Political Blind Spots, Ctd
I’ve been struggling to formulate a decent post in the broad arena covered by Ned this morning – ie, understanding apparent dishonesty and cognitive dissonance in others – for a couple of days, but to no avail, so maybe this is a good opportunity to ask for help on the specific phenomenon I’m trying to understand. I’ll ask for forgiveness in advance if my formulation below is inartful or confusing – as I said, I’m struggling with this. I’m also writing this on the fly, so I apologize for the lack of supporting links.
Similarly, those on the left who expressed outrage at the Bush administration’s civil liberties abuses yet remain silent through Obama’s aren’t opportunists indifferent to the horrors of torture and indefinite detention. It’s just significantly harder to accuse someone whose success you feel invested in a war criminal.
On the surface, I think there’s a lot of truth to this, especially if you accept the corollary that “it’s significantly easier to accuse someone whose failure you feel invested in a war criminal.”
But there’s something else at work here, too, which is bugging me and which I can’t put my finger on.
In the context of civil liberties, it’s certainly true that most movement liberals still express opposition to civil liberties violations under the Obama Administration (well, except for the folks at The Nation, who now seem to think it wise to actively reinforce such civil liberties violations if they are vocally opposed by political enemies). But there’s sort of a fatalistic indifference that comes with it, as Ned suggests, in which it is assumed that the Republicans would be even worse and that all Obama is doing is simply failing to reverse the Bush Administration. It seems that there’s even often an assumption that Obama would be committing political suicide by reversing those policies because the Republicans would have a field day with any such effort. In effect, the policy is criticized, but the one person in a position to change it is not. Of course, these assumptions ignore that much of Obama’s record on civil liberties is actively worse than anything the Republicans ever tried, ranging from the notion of claiming authority to assassinate American citizens to the myriad new abuses of the TSA to the simple fact that in two years in office, Obama has not pardoned a single human being (even as he’s pardoned four turkeys). There’s opposition to the policy, but no willingness to hold Obama’s feet to the fire.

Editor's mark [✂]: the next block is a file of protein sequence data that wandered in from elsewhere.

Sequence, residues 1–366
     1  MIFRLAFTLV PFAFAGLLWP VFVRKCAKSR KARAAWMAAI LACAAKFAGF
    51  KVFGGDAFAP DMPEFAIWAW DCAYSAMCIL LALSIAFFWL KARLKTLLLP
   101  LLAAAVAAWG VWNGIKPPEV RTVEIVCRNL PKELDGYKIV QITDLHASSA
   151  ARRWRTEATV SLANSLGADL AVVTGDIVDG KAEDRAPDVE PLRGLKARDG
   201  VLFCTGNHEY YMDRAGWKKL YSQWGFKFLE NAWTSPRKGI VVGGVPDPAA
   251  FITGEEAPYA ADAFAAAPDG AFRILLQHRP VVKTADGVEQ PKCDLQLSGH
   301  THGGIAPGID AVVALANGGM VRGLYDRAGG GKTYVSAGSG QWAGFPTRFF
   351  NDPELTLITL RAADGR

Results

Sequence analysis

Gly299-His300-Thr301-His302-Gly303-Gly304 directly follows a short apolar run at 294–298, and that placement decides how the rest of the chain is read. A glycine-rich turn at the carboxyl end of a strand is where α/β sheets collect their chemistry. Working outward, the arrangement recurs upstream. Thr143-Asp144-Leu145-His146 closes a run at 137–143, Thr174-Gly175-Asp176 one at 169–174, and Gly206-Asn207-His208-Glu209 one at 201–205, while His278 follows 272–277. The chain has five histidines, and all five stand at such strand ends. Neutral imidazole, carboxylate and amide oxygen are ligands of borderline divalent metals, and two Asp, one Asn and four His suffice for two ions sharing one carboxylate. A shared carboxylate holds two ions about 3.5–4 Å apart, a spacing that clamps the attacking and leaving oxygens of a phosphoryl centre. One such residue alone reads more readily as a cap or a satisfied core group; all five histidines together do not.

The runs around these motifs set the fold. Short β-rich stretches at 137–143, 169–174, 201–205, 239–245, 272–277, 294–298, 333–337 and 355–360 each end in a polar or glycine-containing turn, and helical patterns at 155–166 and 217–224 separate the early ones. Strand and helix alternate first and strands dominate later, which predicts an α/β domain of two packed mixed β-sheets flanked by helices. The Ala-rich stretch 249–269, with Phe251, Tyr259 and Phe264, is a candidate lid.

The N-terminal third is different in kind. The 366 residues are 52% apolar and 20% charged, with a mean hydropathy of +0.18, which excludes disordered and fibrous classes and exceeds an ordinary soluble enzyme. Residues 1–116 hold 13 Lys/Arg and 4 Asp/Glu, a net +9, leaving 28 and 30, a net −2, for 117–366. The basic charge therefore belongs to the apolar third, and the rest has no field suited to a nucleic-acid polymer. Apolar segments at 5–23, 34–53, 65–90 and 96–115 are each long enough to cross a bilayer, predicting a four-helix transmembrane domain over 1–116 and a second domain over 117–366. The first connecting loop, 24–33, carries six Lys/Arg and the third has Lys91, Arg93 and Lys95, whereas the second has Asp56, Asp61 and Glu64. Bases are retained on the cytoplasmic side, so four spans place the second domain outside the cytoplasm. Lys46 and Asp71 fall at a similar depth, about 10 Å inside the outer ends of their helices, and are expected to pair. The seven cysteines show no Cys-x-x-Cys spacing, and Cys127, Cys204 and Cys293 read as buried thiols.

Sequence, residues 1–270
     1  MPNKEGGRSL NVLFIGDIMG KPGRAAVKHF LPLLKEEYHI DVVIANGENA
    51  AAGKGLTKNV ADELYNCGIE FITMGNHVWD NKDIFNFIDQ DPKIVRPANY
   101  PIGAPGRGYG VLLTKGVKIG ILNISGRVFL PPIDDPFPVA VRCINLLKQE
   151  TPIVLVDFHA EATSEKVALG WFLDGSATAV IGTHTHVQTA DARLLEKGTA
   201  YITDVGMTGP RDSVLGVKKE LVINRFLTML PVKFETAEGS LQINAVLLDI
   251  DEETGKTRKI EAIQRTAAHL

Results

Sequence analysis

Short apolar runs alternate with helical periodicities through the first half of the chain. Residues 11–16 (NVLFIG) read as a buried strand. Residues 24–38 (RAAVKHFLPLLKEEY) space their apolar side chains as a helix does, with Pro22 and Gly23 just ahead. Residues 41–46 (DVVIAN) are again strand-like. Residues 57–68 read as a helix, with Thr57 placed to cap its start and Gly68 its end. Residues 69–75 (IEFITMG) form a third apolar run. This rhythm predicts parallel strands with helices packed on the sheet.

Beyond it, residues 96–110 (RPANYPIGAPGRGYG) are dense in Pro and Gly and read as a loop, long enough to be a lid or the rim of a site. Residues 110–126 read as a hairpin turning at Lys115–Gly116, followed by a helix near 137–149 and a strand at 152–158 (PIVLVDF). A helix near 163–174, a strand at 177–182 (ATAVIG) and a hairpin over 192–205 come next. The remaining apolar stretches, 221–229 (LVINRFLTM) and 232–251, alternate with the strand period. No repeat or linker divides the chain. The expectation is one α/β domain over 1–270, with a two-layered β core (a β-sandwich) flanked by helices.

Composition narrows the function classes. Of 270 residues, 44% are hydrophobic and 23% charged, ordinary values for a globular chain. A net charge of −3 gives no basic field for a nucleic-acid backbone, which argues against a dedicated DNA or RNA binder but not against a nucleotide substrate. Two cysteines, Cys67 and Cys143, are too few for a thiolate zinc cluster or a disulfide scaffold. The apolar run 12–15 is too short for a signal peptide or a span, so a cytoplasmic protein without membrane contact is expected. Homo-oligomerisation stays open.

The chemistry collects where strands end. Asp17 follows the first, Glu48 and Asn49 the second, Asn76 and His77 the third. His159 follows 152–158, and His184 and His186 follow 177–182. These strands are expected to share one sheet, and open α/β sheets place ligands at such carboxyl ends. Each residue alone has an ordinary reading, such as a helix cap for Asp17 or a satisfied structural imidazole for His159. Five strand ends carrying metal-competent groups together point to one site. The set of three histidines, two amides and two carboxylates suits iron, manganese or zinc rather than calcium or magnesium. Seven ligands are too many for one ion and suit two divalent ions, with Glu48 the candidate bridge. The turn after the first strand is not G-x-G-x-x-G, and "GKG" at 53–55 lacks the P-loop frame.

By itself, that’s precisely consistent with what Ned was getting at this morning, I think. But now let’s look at another situation where Obama’s actions have stood in stark opposition to liberal orthodoxy. Specifically, let’s look at the response to Obama’s announcement on a wage freeze for federal workers. This announcement is termed “turning on the base,” a “superficial panic reaction and political scapegoating,” a “messaging gimmick,” and “triangulation,” to note just a few of the derogatory phrases thrown at Obama for this policy.
The point here is not to say that liberals should be supportive or at least make only muted criticism of the wage freeze – whatever my personal feelings about the wage freeze, it’s almost certainly offensive to American liberal principles. Instead, I’m trying to understand why American liberals are willing to hold Obama personally culpable on this issue in a way that they are not on civil liberties issues. More confusing to me is that the wage freeze occurs against a backdrop in which there is at least some evidence that Republicans quite likely would go farther than Obama in this arena, given the example being set here in NJ by Gov. Christie, whereas many of the civil liberties violations imposed by Obama are not only worse than the Bush Administration but in some cases (ie, the TSA and the policy in which persons acquitted of terrorism charges can still be held indefinitely) so have even gone too far for most movement conservatives.
In both cases, liberals are understandably opposed to the Obama Administration’s policies. But only in the case of the wage freeze do mainstream liberals seem willing to hold the Obama Administration personally and directly accountable.
This dichotomy genuinely perplexes me. Nor is it an isolated example applying only to the Left when it is in power – a good cross-comparison would be the dichotomy between conservatives’ mostly muted reactions to the Bush Administration’s spending spree on Medicare Part D and NCLB and conservatives’ genuine outrage at Bush’s immigration reform proposal or his attempted appointment of Harriet Miers. What makes such dichotomies even more perplexing to me is that the single issue that most enraged and united mainstream liberals about Bush was almost certainly his record on civil liberties….and now Obama basically gets a pass on those issues; meanwhile, mainstream conservatives basically gave Bush a pass on government spending…..and now it is the single issue that most enrages and unites movement conservatives about Obama.
The simplistic explanation would be that, rhetoric aside, liberals simply care more about protecting the size of government than they do about civil liberties, while conservatives care more about social issues than they do about reducing or limiting the size of government. I’m not at all comfortable with this explanation, and I welcome alternative explanations.